DC & the DDNC

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A week and a half ago, I went to Washington, D.C., to participate in the Digestive Disease National Coalition’s Public Policy Forum. I had planned to follow up with a recap post right after, and I left the forum informed and energized and full of plans to take what I’d learned and done and keep those balls rolling forward.

And then I left the Senate building and ran for a train, then a bus, then a plane, then another plane, and got home at midnight, and nursed a baby at 3am, and went to work at 8am, and spent the next week trying to catch up, and now here we are….

Honestly, I probably would have shared something earlier, but as I think back on my whirlwind trip to D.C., it’s a little overwhelming just figuring out where to start. I spent all of Sunday afternoon hearing presentations from people who know an awful lot about obstacles to care that I have only barely scratched the surface on, or that I have experienced but didn’t really have the terminology to put in a broader context, and about other things that have to do with other diagnoses entirely but were eye-opening when it comes to important health issues that can impact all of us; and then I spent all of Monday having conversations and connecting dots and figuring out how to share our story in a way that matters and trying to sort out where my efforts go next; and I left wanting to share ALL the things all at once because it’s so important and people’s lives literally depend on it and WE can be the ones to make a difference!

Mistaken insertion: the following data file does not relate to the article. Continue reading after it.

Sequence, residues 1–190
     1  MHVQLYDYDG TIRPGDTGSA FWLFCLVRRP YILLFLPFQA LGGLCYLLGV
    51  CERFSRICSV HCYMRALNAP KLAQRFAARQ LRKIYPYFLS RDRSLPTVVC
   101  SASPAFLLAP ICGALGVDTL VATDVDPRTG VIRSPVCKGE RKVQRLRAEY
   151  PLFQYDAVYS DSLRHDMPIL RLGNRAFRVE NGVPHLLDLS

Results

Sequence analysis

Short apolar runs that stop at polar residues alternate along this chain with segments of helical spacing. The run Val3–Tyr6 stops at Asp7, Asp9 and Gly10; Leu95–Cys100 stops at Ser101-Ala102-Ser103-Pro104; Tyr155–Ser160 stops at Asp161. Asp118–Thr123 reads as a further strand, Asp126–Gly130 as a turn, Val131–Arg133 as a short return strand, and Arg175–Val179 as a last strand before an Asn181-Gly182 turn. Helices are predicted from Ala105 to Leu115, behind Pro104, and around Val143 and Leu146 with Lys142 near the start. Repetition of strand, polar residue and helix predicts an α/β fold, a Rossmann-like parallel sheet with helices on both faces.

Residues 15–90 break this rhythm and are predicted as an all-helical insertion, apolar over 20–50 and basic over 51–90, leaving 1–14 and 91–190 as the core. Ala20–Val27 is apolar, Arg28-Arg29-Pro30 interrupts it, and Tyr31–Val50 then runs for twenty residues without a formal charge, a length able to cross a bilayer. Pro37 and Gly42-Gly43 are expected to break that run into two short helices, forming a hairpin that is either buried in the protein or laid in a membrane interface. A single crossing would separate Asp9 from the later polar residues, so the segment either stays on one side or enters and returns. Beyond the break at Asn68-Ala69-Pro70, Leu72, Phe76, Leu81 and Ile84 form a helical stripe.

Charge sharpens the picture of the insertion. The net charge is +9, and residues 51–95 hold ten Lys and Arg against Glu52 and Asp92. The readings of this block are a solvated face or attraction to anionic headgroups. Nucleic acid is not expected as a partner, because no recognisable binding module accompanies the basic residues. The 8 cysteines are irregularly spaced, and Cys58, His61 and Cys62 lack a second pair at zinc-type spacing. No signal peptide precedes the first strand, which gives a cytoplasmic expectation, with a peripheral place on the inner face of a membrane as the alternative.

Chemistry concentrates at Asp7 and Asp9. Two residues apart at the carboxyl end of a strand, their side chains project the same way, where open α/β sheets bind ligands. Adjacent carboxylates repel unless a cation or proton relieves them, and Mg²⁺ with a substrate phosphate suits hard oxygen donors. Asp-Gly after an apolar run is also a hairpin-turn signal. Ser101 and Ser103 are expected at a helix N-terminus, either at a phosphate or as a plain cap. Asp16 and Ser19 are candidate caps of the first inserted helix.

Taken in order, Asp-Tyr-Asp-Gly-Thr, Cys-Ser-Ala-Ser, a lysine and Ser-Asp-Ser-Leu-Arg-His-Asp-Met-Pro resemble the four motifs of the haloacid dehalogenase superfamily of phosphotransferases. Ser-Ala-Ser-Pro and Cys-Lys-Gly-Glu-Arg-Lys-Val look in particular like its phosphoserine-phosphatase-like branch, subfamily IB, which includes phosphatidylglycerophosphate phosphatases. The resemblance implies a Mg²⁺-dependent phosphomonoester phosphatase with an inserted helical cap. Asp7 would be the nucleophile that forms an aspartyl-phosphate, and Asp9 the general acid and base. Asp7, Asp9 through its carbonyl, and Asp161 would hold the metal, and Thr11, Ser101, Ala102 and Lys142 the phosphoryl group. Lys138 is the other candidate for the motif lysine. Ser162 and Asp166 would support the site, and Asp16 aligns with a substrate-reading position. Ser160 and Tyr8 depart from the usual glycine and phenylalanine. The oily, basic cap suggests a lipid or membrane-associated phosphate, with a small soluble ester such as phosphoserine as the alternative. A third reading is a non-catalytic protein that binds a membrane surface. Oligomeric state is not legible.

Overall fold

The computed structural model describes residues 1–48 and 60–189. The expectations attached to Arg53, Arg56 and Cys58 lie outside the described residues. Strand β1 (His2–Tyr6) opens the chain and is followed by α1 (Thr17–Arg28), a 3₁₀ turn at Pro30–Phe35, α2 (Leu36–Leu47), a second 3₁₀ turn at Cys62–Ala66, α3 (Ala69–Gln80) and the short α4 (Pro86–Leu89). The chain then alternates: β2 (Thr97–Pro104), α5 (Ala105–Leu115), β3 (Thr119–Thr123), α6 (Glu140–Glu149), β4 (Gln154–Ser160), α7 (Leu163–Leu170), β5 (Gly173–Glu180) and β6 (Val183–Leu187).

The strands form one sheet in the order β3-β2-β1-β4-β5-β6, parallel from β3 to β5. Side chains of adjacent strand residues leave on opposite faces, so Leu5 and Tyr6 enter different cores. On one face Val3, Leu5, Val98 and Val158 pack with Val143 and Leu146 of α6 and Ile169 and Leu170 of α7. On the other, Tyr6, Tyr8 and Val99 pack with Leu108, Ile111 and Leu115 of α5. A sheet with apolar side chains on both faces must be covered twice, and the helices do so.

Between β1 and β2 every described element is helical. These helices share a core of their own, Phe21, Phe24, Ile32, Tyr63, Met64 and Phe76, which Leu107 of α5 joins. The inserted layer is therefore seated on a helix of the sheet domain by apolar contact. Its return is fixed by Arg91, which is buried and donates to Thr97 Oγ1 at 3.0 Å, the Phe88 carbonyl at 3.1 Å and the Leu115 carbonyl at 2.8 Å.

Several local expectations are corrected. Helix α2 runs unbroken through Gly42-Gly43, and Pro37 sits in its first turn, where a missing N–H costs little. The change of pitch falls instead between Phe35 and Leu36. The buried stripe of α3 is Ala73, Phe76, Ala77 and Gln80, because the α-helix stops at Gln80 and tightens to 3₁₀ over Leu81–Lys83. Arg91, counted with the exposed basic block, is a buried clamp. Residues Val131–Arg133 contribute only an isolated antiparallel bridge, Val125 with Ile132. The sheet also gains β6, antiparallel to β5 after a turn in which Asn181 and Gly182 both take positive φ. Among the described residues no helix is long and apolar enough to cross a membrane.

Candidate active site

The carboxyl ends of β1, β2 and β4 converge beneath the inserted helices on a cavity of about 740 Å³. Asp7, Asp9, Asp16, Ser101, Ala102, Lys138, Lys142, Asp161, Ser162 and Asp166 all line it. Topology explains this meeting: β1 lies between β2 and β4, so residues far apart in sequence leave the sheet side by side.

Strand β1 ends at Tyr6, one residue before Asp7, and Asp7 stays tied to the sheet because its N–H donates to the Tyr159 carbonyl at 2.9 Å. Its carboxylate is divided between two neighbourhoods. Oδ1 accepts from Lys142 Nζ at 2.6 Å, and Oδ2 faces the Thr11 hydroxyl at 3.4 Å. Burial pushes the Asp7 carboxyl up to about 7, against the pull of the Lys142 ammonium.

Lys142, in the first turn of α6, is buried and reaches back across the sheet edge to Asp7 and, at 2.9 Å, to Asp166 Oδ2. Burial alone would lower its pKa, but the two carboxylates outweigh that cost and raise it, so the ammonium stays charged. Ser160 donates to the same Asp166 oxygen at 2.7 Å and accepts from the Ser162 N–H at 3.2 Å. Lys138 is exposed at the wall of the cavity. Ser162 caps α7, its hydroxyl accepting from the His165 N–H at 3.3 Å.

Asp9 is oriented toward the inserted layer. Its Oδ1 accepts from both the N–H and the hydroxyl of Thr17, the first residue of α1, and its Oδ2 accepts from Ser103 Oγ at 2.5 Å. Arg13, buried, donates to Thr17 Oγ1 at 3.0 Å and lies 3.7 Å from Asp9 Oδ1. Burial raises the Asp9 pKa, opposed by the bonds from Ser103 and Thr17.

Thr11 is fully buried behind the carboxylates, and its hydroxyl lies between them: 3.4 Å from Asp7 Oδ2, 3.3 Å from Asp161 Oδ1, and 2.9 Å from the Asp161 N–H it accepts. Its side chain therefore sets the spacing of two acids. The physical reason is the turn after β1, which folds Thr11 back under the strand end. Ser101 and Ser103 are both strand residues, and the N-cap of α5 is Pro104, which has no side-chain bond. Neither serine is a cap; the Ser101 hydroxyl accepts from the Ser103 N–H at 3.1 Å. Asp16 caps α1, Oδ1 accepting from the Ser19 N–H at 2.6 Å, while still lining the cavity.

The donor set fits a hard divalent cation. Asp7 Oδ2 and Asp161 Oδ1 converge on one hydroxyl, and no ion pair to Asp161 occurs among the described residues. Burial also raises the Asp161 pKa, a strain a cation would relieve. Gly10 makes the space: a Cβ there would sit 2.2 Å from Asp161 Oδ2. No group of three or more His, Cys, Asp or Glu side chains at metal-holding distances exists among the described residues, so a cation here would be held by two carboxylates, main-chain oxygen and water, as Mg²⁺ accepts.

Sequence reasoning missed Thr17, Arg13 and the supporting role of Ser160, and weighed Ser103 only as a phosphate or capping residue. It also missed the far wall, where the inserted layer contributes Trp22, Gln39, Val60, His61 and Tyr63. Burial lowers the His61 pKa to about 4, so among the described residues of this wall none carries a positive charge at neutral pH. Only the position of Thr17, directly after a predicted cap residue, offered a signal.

But also, well, it’s a LOT to digest.

So I’m going to step back and hit pause on trying to regurgitate all the information I gobbled down and half-absorbed in a span of less than 36 hours. If I’ve learned anything over the last few years, I know that large quantities are easier to digest if they’re spaced out over time and appropriately chewed over….so I’ll give all that info some breathing room.  

What is useful right now, I think, is this: If you’re thinking about doing something like this, whether it involves traveling to D.C. or meeting with your lawmakers locally or even just picking up the phone for the first time, DO IT. Your story matters. Your voice can make a difference.

If you’re following along because you’ve considered participating in something similar, or you found this blog because it’s now January 2020 and you’re debating whether you should register for the DDNC Public Policy Forum and want to know more about what it’s all about, here’s how it went for me.

I got in to D.C. on Saturday evening, which turned out to be perfect timing for two reasons:

I had time on Saturday night to walk by the White House all lit up after dark, and – more importantly – to put this in my belly.

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Yes, I did eat the entire thing. I regret nothing.

It also allowed me to spend all of Sunday morning doing a walking tour of the major monuments before the forum began. I mention this because it became an important part of my experience there: right before I participated in a concentrated effort to make our voices heard so that we might shape our nation for the better, I spent four hours immersing myself in monuments to people who gave literally everything to help shape our nation for the better, and to protect my right to make my voice heard. I’d never been to D.C. before, but even if I had, it was an incredibly poignant way to kick off the forum.